ToyWatch: Running on Cheap-Chic Time

The Italian company offers luxury style at a low price, and its watches are selling faster by the minute

Randy Gordon calls himself a "watch snob." He wears Rolex and Tessler and owns a gleaming assortment that includes hefty names with heftier price tags. And now, Gordon has come into a whole new collection, in the form of a U.S. license from ToyWatch, a hot new Italian company whose watches you'll find at Bergdorf Goodman and, come winter, alongside helicopters and private celebrity concerts in the pages of the Neiman Marcus holiday book.

"Our merchants were in Italy, and [ToyWatch] was the talk of Milan," said Gerald Barnes, senior vice-president of apparel and accessories at Neiman Marcus Direct. "We got it as quickly as we could."

But unlike most of the timepieces at Neiman Marcus and other high-end retailers, this new product line bears no jewel-encrusted face or platinum band. These watches aren't luxury, they just riff on it. The pieces from ToyWatch USA, as Gordon's company is called, are high-style and low-cost.


  Every model has a cheap-but-chic plastic or nylon wristband, with slightly more resources going into the face. Some feature mother of pearl accents or chronograph dials. All combine a classic Italian feel with sassy irreverence at a low price—at least by Neiman Marcus standards. At the high end, $295 will buy you some bling on the bezel. At the low end, a rainbow selection of acrylic watches goes for $150.

ToyWatch was founded by watch aficionado Marco Mavilla, who owns a watch store in Milan's Four Seasons hotel. Gordon first heard of Mavilla's venture over dinner with his friend Howard Draft, the CEO of advertising and marketing firm Draft FCB Worldwide, and Draft's in-the-know Milanese girlfriend. Soon after, Gordon met with Mavilla and secured licensing for North and South America, Japan, Thailand, and the Caribbean.

ToyWatch isn't the first to try the cheap-chic strategy. "There hasn't been an affordable watch for the masses since the whole Swatch phenomenon," says Gordon. "But I never in a million years would wear a Swatch." Like its affordable predecessor, ToyWatch's plastic is sportily lightweight and enables production in a flock of colors and sizes.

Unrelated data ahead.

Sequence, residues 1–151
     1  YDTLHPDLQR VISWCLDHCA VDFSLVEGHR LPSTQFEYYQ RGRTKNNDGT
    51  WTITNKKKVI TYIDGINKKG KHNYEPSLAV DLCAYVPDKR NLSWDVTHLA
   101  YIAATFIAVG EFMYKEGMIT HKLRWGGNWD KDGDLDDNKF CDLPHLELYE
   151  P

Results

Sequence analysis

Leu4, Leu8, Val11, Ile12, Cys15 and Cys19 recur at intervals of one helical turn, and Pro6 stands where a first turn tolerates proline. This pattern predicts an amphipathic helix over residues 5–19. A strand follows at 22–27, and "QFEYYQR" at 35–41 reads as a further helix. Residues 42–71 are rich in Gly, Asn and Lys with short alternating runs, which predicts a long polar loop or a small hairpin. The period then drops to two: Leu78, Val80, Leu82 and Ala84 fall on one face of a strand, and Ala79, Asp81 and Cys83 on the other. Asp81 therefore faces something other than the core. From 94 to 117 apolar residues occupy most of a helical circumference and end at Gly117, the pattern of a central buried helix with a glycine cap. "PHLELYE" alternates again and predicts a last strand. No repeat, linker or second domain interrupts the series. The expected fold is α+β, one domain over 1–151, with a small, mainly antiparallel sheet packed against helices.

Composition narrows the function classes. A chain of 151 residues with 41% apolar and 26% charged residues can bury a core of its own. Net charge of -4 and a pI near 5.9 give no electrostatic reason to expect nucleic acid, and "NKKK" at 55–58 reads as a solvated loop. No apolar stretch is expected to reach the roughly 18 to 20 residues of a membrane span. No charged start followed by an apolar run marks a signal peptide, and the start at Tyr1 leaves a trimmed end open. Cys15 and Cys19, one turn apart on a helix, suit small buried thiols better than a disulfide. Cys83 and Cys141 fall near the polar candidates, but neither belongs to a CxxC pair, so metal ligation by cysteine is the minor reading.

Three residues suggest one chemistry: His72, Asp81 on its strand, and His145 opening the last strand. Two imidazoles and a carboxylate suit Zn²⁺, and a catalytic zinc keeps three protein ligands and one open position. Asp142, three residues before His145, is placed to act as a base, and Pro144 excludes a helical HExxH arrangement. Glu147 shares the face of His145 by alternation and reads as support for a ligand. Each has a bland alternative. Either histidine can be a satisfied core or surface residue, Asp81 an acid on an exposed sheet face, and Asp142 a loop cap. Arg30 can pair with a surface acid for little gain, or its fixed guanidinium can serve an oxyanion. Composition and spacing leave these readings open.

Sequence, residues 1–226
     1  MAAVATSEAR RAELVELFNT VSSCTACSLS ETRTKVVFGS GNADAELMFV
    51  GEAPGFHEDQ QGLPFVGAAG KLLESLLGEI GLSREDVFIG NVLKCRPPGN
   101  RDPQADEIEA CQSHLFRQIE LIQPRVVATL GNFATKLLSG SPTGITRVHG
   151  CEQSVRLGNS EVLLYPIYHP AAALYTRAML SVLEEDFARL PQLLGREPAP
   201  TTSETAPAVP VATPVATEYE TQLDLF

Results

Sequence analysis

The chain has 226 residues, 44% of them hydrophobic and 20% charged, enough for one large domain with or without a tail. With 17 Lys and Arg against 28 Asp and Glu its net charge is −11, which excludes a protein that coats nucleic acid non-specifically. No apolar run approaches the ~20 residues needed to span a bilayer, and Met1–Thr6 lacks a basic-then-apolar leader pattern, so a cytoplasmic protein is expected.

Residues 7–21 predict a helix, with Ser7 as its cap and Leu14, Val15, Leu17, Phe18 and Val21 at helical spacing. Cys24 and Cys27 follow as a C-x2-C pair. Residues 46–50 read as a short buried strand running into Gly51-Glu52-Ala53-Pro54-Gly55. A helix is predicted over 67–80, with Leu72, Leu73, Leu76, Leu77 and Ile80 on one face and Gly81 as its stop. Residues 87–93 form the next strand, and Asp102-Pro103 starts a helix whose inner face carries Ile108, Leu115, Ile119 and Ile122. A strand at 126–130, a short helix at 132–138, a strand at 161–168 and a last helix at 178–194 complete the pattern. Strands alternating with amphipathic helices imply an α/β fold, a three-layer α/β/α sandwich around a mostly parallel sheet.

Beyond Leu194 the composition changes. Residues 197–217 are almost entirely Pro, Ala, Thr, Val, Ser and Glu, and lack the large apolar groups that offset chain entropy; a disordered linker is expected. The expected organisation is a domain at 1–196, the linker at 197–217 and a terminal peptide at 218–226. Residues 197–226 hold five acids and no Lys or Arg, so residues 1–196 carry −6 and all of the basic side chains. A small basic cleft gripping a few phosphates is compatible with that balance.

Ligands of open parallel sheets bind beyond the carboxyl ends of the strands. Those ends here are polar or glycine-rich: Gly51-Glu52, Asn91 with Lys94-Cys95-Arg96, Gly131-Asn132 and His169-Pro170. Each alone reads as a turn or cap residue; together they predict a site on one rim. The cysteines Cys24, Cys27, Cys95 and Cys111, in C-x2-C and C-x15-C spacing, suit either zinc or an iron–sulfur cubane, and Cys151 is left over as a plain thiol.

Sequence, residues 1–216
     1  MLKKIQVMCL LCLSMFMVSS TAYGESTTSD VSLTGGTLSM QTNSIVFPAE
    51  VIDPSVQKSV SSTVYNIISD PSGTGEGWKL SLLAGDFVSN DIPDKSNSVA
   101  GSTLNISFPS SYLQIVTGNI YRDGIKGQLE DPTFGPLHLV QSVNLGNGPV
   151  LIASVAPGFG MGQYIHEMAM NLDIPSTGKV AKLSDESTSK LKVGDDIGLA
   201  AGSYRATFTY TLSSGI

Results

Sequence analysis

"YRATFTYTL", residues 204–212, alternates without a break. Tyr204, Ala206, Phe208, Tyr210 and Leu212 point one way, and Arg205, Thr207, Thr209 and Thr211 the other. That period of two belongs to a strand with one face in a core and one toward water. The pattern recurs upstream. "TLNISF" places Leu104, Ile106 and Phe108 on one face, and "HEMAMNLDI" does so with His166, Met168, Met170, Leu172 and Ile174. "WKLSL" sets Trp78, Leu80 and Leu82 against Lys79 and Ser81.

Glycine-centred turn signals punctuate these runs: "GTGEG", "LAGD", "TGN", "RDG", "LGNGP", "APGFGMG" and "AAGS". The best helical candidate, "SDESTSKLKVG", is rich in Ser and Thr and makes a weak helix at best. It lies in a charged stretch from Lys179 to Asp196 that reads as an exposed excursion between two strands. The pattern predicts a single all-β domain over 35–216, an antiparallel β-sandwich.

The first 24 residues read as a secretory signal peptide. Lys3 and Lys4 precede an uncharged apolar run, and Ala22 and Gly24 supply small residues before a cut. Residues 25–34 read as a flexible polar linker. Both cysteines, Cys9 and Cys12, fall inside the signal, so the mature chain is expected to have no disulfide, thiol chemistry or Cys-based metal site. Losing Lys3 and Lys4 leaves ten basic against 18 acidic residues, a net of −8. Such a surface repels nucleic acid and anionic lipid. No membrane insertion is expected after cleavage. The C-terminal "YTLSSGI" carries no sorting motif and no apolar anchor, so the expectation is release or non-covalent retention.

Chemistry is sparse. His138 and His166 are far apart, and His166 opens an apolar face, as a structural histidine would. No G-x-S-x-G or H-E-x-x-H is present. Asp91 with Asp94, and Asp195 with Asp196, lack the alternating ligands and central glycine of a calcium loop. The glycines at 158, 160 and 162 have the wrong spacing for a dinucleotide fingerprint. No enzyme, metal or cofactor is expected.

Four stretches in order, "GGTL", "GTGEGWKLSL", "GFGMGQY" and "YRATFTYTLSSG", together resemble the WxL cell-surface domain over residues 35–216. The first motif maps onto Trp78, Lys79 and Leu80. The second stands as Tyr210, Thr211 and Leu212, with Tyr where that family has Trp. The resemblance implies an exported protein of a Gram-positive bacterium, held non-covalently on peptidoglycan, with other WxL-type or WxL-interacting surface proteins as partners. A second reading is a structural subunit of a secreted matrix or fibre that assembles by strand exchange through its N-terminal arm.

What distinguishes ToyWatch from the '80s phenomenon is the resulting aesthetic. The bezeled edges and chronographs might be made mostly of plastic, but they have the sophisticated approach of a Rolex. The fact that a watch snob like Gordon liked the plastic timepieces suggested ToyWatch could appeal to a different audience than earlier cheap offerings. And conversations with friends and other watch collectors convinced him.

"Production is inexpensive because it's made overseas, and the physical parts are inexpensive, but the look and style have perceived value because they're very Italian, which in turn makes it very classic and very cool," he says.

The distribution channel also made a difference. Originally, ToyWatch was approached by mid-range department stores, a strategy that promised big numbers but little glamour. Instead, ToyWatch opted to launch in chic urban boutiques such as Fred Segal and Scoop, which may not have been able to push inventory but provided cachet and class. From there, ToyWatch moved into major luxury department stores that offer both high sales and high status: Bergdorf Goodman and Neiman Marcus.


  Many models are on backorder at both stores, as well as at other high-end retailers and the ToyWatch Web site. Styles are unisex, but the acrylic watches have sold better than those fashioned with grosgrain cotton straps, which Gordon says mostly appeal to male customers. Thus far, he estimates 50,000 ToyWatches have been purchased since they went on sale in the U.S. three months ago. He's now looking into his worldwide distribution channels.

"I was either going to be sitting with a warehouse full of watches that no one wanted, or people were going to be pounding down my doors," Gordon says. "Both are problems, but I think the latter is a bit better."

While working to build quantity, ToyWatch is also aiming to keep the brand hip and relevant beyond the holiday season. Gordon wants to avoid the experience of Swatch, a company that's much less productive now than it was in the late '80s. Gordon will be satisfied if ToyWatch's inaugural numbers reach just 5% of Swatch's first-year sales. "It's about making the right choices and growing it slowly," he says. "We need to be just one step ahead of the trend."

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